copy the linklink copied!Inconsistent control, verification and audit interpretations generate uncertainty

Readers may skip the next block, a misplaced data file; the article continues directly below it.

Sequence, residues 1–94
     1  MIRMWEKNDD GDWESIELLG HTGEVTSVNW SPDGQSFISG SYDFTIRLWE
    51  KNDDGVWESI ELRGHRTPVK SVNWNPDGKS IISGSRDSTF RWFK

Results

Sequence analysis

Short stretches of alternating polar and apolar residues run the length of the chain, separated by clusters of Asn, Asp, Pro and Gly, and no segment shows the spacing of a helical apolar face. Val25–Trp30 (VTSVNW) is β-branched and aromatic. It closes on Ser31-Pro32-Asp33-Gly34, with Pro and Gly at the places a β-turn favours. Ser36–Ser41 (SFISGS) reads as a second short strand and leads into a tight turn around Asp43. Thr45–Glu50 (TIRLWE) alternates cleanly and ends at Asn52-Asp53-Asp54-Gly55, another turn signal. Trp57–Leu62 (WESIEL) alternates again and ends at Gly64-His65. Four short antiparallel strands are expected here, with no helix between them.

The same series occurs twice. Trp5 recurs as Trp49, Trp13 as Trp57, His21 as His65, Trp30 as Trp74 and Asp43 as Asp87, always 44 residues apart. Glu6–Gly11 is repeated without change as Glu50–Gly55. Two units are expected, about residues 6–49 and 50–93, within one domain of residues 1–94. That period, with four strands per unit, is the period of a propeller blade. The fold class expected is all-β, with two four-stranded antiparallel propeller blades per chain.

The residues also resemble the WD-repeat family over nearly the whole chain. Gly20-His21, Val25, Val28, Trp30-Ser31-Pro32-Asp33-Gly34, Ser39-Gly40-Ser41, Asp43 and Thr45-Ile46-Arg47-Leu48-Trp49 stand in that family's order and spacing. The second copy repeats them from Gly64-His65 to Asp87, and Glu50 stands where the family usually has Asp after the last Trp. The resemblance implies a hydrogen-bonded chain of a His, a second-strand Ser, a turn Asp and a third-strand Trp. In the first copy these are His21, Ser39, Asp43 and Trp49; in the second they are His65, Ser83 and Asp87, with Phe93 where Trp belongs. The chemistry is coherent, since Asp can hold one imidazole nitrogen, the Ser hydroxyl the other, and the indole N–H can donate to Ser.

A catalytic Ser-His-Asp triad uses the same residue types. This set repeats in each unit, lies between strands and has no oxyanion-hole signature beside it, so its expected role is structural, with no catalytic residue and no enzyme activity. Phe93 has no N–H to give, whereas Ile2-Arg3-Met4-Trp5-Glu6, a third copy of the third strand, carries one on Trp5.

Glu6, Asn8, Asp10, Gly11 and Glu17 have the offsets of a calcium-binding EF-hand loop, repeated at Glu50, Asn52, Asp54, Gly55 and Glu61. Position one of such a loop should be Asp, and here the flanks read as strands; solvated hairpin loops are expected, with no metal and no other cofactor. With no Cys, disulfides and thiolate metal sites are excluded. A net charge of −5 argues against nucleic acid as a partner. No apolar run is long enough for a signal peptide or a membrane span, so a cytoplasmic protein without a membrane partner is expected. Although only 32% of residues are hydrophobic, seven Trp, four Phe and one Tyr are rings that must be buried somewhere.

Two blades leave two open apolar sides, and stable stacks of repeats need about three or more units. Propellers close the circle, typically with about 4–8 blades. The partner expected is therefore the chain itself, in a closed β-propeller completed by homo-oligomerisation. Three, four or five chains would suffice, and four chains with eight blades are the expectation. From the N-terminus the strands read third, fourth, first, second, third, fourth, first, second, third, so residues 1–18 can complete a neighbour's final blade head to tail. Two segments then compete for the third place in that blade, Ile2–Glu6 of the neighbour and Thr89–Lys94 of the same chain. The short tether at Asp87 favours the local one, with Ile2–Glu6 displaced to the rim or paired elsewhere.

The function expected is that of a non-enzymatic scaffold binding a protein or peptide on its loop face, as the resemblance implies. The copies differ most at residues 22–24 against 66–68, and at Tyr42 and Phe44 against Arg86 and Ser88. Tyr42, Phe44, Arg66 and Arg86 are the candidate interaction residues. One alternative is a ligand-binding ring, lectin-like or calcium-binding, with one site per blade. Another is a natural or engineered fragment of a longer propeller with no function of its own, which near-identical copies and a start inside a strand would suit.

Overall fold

The procedures and guidelines for OP project selection, control and verification, and audits appear to be open to a degree of interpretation. This creates uncertainties with respect to eligibility criteria among project applicants, complicates the application process and affects monitoring and control mechanisms. The problem can be particularly acute with respect to control and audit activities. The problem arises when a controller interprets an application or procurement process in one way (e.g. nothing wrong), and a subsequent controller in another point of the monitoring and control process interprets it in another (e.g. something is incorrect). In some OPs, there are reportedly up to eight controls for large European Regional Development Fund (ERDF) projects, entailing a high likelihood of different control results. This type of uncertainty contributes to insecurity among beneficiaries, adds to the administrative burden of the MA (as each point of control can require additional documentation), and can result in financial corrections that may be highly onerous, particularly for smaller beneficiaries with small budgets and/or limited liquidity for project implementation. Ultimately, inconsistency in control processes can lead to delays, affect absorption, and limit the attractiveness of ESIF co-financing for beneficiaries. Different interpretations in audits also contribute to the lack of clarity, or degree of unpredictability, associated with project implementation. The problem that arises in audits is similar to the one described for monitoring and control processes: audit approaches (and sometimes findings) can differ by auditor or by on-the-spot verification teams.